Chief Justice Roberts’ opinion
The unanimous result, however, hides some pretty significant differences which may have long-term implications.
The main opinion was written by Chief Justice John Roberts and joined by Justices Stephen Breyer, Sonia Sotomayor, Elena Kagan, Brett Kavanaugh and Amy Coney Barrett.
This opinion concluded that the Philadelphia exclusion was unconstitutional but sidestepped the question of whether the Smith decision was correct, leaving that question for another day.
In other words, even under the reasoning in the Smith decision, the majority believed Philadelphia’s actions were unconstitutional because “the City has burdened the religious exercise of CSS through policies that do not meet the requirement of being neutral and generally applicable.”
The majority said government actions are not neutral if they are “intolerant of religious beliefs or restrict practices because of their religious nature” or if they prohibit “religious conduct while permitting secular conduct that undermines the government’s asserted interests in a similar way.”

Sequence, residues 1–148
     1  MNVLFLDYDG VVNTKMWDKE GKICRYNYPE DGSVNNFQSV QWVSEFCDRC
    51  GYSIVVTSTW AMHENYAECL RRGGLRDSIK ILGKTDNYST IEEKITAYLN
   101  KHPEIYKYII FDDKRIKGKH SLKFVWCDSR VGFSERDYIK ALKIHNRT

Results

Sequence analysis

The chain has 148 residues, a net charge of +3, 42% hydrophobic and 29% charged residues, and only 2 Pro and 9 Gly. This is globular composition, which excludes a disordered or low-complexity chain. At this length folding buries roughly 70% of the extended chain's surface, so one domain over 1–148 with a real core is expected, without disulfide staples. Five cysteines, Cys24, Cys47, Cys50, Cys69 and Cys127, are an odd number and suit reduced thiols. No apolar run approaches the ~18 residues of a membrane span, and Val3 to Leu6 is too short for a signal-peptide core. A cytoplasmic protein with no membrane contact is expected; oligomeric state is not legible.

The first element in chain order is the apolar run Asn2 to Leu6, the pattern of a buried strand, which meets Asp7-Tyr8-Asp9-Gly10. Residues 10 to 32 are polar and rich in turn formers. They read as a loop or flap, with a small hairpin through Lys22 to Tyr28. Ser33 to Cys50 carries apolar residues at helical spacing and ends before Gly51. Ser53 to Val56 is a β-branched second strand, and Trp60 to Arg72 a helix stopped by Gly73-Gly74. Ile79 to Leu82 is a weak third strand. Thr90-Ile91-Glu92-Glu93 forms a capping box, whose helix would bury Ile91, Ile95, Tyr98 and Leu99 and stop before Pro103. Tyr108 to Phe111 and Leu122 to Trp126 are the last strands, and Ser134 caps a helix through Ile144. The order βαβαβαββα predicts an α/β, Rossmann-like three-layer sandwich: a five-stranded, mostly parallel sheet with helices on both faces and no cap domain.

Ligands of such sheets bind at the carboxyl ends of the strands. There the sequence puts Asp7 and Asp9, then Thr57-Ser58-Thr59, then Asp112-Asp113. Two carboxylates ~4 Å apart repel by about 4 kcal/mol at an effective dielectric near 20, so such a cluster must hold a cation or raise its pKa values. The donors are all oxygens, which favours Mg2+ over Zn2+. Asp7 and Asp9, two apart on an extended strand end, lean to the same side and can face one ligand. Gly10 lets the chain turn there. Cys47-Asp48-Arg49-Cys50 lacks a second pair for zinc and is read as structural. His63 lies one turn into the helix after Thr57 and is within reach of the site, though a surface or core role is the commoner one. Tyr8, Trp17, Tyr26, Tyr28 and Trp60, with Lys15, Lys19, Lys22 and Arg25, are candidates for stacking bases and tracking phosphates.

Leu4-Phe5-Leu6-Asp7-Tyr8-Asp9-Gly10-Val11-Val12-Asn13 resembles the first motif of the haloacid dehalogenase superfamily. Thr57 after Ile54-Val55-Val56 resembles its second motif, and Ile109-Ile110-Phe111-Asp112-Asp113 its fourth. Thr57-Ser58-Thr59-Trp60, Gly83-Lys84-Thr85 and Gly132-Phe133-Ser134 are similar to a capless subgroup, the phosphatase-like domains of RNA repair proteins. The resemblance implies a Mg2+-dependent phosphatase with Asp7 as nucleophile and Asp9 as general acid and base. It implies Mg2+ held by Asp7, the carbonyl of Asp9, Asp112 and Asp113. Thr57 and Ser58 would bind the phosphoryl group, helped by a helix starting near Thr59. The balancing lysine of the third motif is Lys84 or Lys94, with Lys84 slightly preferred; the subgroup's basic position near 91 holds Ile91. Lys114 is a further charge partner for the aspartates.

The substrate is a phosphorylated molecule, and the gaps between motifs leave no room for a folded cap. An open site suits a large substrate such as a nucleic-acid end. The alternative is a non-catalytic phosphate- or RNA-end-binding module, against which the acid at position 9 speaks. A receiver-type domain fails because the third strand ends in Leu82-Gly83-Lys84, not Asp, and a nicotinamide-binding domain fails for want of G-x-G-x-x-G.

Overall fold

Here, the main problem for the majority was that the city’s law allowed the department to exempt agencies from requirements of the law, so the policy applied to CSS was actually not generally applicable. In addition, the city’s argument that it was just applying a law that required all businesses open to the public not to discriminate on the basis of sexual orientation was ruled inapplicable, since foster parent certification is not a service “accessible to the public,” unlike other services like “staying in a hotel, eating at a restaurant, or riding a bus.”
The majority recognized that the city’s interests in maximizing foster families and preventing discrimination are important but said the “city offers no compelling reason why it has a particular interest in denying an exception to CSS while making them available to others.”
The opinion concluded: “The refusal of Philadelphia to contract with CSS for the provision of foster care services unless it agrees to certify same-sex couples as foster parents cannot survive strict scrutiny, and violates the First Amendment.”
The unanswered question
Because the main opinion was premised on the idea that the city had acted unconstitutionally even under Smith, the court did not address that decision’s validity. This is disappointing to religious freedom advocates who believe the Smith decision was wrongly decided and creates vulnerability for religious exercise.
Three concurring opinions focused on this unanswered question. Barrett agreed with the majority opinion but wrote a brief opinion joined by Breyer and Kavanaugh that argued the court was right not to address Smith because doing so might create difficulties that could be deferred until later. Barrett and Kavanaugh suggested they leaned toward the conclusion that Smith was wrongly decided, but also described themselves in the opinion as being: